One of the first major networking vendors to support OpenFlow on its switches, HP is now extending that support with FlexFabric technologies that enable the new world of Software Defined Networking.
HP is positioning its new FlexFabric 12900 platform as the industry’s first OpenFlow-enabled core switching platform. A big box 23 RU switch with up to 20.5 Tbps of switching capacity, the 12916 supports 768 x 10 GbE ports. The 12910 switch is a 21 RU platform with up to 12.8 Tbps of switching capacity and support for 480 x 10 GbE ports.
While the FlexFabric 12900 represents the new big iron in the HP networking portfolio, HP is also rolling out new switching technology with no iron in it whatsoever. The FlexFabric VirtualSwitch 5900v will enter competition with the Cisco Nexus1000v, which has been in the market since 2008. The Linux operating system, which powers many servers today, now also includes a native Open vSwitch.
Kash Shaikh, senior director of product and technical marketing at HP Networking, explained to Enterprise Networking Planet that HP’s key differentiator is that its SDN technology is standards-based. The standard is OpenFlow, and for the new 12900 series switches in particular, HP will support the OpenFlow 1.3.x standard.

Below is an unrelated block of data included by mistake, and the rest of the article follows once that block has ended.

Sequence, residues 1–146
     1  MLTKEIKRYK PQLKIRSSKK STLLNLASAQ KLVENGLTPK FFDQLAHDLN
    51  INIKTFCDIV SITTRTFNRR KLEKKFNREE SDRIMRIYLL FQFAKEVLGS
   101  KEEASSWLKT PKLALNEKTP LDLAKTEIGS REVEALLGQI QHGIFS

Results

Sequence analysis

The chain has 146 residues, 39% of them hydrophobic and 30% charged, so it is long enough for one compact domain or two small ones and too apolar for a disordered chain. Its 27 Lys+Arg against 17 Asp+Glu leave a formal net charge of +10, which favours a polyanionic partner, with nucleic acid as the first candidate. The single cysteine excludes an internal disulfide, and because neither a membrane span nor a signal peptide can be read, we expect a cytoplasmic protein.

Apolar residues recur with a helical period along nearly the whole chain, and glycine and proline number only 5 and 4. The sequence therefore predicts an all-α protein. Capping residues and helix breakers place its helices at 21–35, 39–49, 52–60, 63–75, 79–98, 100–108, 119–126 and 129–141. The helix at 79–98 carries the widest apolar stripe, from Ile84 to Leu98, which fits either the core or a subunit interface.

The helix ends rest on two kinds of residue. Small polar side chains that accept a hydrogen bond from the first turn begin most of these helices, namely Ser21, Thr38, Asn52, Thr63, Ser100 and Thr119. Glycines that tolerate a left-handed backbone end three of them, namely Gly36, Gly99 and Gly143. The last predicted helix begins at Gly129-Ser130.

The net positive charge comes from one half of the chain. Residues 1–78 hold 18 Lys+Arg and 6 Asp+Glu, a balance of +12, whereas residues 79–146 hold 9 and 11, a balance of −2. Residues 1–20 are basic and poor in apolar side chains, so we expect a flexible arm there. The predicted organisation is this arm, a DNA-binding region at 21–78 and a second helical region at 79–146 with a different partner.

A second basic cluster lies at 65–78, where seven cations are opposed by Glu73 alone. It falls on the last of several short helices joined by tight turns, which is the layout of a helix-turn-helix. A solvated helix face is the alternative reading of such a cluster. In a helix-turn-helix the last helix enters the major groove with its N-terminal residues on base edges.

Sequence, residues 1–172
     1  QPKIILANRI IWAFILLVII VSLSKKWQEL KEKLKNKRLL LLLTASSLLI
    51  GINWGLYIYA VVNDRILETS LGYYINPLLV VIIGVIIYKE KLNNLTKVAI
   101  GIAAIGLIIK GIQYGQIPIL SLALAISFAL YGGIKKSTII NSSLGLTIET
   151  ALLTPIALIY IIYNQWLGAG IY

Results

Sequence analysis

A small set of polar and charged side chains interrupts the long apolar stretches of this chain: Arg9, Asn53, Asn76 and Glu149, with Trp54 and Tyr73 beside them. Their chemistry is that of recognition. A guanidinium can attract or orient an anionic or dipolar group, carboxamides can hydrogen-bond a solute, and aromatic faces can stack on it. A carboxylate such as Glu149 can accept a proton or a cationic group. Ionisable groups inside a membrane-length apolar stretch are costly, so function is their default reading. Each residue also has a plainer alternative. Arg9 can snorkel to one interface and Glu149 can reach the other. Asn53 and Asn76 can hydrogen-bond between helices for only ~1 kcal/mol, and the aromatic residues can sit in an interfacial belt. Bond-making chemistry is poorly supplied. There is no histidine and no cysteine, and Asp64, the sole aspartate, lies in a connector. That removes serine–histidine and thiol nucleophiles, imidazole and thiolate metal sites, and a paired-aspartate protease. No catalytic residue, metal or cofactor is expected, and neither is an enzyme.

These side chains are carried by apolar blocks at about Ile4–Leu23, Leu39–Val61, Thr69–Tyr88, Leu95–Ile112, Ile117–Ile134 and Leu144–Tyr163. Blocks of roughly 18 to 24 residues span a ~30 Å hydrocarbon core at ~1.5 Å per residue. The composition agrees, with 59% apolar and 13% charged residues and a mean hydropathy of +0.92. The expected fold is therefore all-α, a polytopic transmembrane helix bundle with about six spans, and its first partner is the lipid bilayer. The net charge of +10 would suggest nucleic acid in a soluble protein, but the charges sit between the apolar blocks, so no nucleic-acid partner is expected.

OpenFlow 1.3 was officially announced in May of 2012, though the majority of OpenFlow-enabled switches in the market today still only support OpenFlow 1.0. The 1.3 specification includes more options for network control.
HP is also very focussed on controlling SDN.
In February of this year, the vendor formally unveiled its SDN controller, the Virtual Application Network SDN Controller. The controller enables a new generation of network-aware applications.
HP is now announcing a new SDN Manager, intended to help simplify the management of SDN. The SDN Manager is a module that will plug into HP’s Intelligent Management Center (IMC) software platform for network management. HP first introduced IMC to its networking portfolio in 2011.
Shaikh explained that with the SDN Manager, OpenFlow-enabled switches can be managed directly, without the need to drop to the command line interface. Individual OpenFlow SDN Controllers can also be managed by the SDN Manager.
Sean Michael Kerner is a senior editor at Enterprise Networking Planet and InternetNews.com, the news service of the IT Business Edge Network, the network for technology professionals. Follow him on Twitter @TechJournalist.